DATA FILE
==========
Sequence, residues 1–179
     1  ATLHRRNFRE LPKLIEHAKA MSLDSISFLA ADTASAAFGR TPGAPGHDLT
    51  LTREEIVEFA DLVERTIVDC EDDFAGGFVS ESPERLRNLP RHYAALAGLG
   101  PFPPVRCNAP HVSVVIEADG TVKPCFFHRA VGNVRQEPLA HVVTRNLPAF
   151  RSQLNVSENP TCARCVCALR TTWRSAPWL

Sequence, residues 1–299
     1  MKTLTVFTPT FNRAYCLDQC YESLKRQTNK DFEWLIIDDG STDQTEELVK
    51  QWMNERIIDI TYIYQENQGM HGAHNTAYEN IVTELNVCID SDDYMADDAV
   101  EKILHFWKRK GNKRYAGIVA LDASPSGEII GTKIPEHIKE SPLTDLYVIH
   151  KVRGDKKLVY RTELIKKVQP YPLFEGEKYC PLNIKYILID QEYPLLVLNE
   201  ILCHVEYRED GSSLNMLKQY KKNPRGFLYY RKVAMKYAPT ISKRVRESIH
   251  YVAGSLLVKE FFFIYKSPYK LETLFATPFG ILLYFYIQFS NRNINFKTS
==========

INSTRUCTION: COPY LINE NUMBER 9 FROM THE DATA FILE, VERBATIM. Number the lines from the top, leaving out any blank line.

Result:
   101  EKILHFWKRK GNKRYAGIVA LDASPSGEII GTKIPEHIKE SPLTDLYVIH